Gulasz

The word gulasz comes from the Hungarian gulyás and is the word for a casserole or stew.

In Hungary the meat would most likely have been beef but in Poland it is either pork or beef.

When beef is used it is usually called węgierski  – Hungarian style.

As stewing steak used to be more readily available in England than casserole pork my mother made this with beef.

I make this with either beef or pork, both are delicious as the slow cooking and tomato purée give an intense rich flavour.

Classic Gulasz

Ingredients

500g stewing beef or shoulder or spare rib pork

2 onions

2 cloves of garlic

2 tablespoons of tomato purée

250ml chicken stock – can be made from stock cubes

2 teaspoons of (sweet) paprika (not smoked)

1 bay leaf

2 tablespoons of plain flour

salt & ground black pepper

oil for frying

 

Method

Pre heat the oven to Gas Mark 3 – 1600C

Roughly chop the onions and crush the garlic.

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Mix the tomato purée and the paprika into the stock.

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Cut the meat into cubes and coat the pieces in a mixture of flour, salt and ground pepper.

Beef Coated in Plain Flour, salt & pepper
Beef Coated in Plain Flour, salt & pepper

 

 

 

 

 

 

 

In a frying pan heat the oil until it is hot and fry the meat until all the sides are sealed.

 

Place the meat into a casserole dish.

Fry the garlic and onions in the frying pan, adding some oil if necessary but trying not to use too much or the dish will be greasy.

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Add the onions to the meat then add the bay leaf and some more ground pepper.

Pour the stock mixture into the casserole dish and put on the lid.

 

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Cook in the oven until the meat is tender, this could be about 3 ½ hours  to  4 ½ hours but often I find it needs  longer.

Classic Beef Gulasz

 

Serve with potatoes, hefty style pasta or boiled rice as well as salads such as:

If served on top of a large, breakfast plate sized potato pancake this is known as a

węgierski placek  – Hungarian pancake.

Tip

Make this a day ahead of when you need it, cook the dish for at least 3 hours and leave it to cool.

The next day cook it again for at least 1 hour, you might have to add a little water or stock but not too much, the sauce should be thick not watery.

Using a slow cooker

Nowadays I often make gulasz using a slow cooker instead of the oven.

I made a gulasz using pork shoulder and cooked it in the slow cooker for 8 hours.

 

 

 

Pork gulasz served in a dish by J & G Meakin Studio Pottery

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Luxury Style Gulasz 

All houses in Poland have cellars and even people living in block of flats have a cellar area of their own; if you ever get the chance to look in these you will find that they are filled with: jams, preserves, bottled fruit and vegetables, sauerkraut and salted gherkins.

Bottled sweet red peppers in brine are often found amongst these jars.  The addition of the peppers from one of these jars to the gulasz makes it even better.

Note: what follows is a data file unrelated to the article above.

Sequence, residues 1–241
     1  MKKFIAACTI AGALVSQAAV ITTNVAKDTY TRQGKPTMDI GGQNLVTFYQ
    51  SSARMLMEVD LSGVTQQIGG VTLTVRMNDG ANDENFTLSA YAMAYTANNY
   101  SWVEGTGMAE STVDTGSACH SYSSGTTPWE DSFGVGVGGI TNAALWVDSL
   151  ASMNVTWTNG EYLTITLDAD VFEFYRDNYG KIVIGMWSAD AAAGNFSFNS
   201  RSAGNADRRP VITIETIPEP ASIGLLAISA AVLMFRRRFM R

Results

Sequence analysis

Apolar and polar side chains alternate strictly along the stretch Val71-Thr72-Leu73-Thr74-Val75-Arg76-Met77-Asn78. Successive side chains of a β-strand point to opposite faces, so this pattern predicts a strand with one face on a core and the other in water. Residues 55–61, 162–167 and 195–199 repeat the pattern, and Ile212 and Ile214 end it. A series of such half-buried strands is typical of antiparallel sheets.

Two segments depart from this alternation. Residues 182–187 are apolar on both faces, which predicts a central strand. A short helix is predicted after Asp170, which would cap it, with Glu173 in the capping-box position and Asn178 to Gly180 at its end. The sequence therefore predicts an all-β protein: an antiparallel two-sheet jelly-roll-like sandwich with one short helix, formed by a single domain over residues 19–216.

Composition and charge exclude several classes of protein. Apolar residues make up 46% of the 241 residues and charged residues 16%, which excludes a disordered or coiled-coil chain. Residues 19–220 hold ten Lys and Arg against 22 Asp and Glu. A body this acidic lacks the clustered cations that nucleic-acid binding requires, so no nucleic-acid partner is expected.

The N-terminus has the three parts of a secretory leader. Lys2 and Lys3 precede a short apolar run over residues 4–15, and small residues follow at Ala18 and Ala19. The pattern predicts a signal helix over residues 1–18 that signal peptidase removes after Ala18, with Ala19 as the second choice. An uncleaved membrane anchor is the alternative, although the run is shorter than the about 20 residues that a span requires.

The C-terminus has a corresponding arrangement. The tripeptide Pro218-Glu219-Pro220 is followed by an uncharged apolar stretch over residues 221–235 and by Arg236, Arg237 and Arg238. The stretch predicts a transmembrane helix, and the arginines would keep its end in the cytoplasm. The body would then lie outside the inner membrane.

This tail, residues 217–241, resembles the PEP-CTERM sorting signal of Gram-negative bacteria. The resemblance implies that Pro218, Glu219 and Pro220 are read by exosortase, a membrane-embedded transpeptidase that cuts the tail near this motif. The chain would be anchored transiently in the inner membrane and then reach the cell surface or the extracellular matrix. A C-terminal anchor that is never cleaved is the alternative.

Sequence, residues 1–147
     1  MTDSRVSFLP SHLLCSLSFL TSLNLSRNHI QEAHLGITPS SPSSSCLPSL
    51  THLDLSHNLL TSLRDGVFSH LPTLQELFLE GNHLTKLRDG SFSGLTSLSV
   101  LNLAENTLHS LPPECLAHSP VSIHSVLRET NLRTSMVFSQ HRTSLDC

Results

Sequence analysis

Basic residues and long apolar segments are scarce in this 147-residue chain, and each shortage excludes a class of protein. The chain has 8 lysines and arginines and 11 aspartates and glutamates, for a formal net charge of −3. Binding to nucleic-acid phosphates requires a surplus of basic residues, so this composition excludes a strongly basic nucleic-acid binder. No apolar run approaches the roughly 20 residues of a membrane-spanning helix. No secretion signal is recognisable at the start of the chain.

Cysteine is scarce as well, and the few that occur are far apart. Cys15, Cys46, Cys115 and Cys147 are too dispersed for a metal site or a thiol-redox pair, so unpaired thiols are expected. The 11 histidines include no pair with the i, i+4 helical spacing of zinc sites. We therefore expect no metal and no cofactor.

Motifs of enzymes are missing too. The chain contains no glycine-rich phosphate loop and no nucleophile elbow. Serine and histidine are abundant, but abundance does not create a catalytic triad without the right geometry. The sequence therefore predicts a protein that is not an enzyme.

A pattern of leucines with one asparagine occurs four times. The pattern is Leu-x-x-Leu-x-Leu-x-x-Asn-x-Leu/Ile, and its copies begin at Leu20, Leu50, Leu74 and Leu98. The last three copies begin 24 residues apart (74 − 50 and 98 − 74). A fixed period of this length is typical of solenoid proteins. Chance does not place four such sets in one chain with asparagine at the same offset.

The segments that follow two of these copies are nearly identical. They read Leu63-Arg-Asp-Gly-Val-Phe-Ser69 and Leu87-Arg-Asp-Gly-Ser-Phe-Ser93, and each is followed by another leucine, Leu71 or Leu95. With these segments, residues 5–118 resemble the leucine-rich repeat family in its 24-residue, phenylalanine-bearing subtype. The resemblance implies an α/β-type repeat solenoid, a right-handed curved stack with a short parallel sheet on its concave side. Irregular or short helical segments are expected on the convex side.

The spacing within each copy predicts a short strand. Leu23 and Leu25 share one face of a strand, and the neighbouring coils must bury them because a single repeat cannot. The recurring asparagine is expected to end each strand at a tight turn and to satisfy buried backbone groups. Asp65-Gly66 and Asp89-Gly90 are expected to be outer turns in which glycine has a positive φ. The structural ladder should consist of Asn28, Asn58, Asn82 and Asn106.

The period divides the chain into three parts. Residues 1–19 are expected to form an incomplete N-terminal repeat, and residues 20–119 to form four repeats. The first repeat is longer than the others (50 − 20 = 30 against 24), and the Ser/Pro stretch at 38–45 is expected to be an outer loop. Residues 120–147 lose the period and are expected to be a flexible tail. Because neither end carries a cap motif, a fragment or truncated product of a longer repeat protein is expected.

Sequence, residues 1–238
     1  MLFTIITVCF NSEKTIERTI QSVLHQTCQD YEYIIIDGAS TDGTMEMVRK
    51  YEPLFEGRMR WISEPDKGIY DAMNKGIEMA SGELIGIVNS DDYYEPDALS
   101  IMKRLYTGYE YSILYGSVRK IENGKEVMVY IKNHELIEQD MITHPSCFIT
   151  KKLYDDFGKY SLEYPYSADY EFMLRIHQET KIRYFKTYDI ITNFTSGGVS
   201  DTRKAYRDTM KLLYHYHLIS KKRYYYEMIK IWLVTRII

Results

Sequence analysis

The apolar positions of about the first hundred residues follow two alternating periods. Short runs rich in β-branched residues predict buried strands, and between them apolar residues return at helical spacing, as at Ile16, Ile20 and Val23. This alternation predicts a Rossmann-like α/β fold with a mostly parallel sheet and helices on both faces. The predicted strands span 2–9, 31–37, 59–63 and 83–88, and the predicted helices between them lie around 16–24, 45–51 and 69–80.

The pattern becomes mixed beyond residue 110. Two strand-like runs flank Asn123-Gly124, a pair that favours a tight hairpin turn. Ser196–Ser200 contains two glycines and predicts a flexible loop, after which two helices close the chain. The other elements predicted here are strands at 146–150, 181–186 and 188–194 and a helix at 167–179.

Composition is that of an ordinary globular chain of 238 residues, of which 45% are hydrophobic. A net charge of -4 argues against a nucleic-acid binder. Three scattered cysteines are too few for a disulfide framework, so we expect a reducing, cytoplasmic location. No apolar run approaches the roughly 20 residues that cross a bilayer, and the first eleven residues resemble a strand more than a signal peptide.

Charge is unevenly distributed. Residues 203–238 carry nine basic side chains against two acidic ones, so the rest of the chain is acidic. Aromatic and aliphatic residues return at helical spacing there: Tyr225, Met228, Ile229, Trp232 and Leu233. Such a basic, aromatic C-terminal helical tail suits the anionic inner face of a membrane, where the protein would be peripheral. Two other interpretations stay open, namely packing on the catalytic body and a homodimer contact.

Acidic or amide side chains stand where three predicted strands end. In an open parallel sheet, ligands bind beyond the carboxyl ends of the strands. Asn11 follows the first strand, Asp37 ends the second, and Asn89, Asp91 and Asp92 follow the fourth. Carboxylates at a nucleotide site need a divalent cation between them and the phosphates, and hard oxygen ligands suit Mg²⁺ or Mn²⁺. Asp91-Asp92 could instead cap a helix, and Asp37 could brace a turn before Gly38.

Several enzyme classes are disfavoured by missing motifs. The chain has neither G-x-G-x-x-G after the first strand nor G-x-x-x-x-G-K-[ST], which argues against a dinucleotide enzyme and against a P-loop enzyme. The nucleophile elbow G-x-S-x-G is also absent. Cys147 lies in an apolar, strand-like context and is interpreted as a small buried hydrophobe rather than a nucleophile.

Of course if like me you do not have the home-made variety you can buy these from most delicatessens or supermarkets now.

One Of My Two Cellars

 

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You can use fresh red peppers and I use these when they are plentiful, either will make a delicious gulasz but I think I like ones with the bottled peppers best.

The recipe is a variation on the classic gulasz but you have to use less stock or you will end up with it being too watery due the water content of the peppers – especially the fresh ones.

Ingredients

500g stewing beef  or shoulder or spare rib pork

2 onions

2 cloves of garlic

3 tablespoons of tomato purée

150ml chicken stock – can be made from stock cubes

2 teaspoons of (sweet) paprika (not smoked)

1 bay leaf

Jar of bottled red peppers or 3 to 4 fresh red peppers

2 -3 tablespoons of soured cream

2 tablespoons of plain flour

Salt & ground black pepper

Oil for frying

Paprika to dust on the top

Method

Pre heat the oven to Gas Mark 3 – 1600C

Roughly chop the onions and crush the garlic

Mix the tomato purée and the paprika in the stock

If using the bottled peppers cut them into long strips and then cut these into halves

 

If using the fresh peppers, cut them into long strips, de-seed them and cut these into halves

Cut the meat into cubes and coat the pieces in a mixture of flour, salt and ground pepper

In a frying pan heat the oil until it is hot and fry the meat until all the sides are sealed

Place the meat into a casserole dish

Fry the garlic and onions in the frying pan, adding some oil if necessary but trying not to use too much or the dish will be greasy

Add the onions to the meat then add the bay leaf and some more ground pepper

Add the peppers to the dish and mix the contents together

Pour the stock mixture into the casserole dish and put on the lid

 

Cook in the oven until the meat is tender, this could be about 3 ½ to 4 hours but often I find it needs longer.

 

 

 

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When you are ready to serve the gulasz, mix in one to two tablespoons of soured cream and then put the other tablespoon of soured cream on top in the centre and dust some extra paprika on this.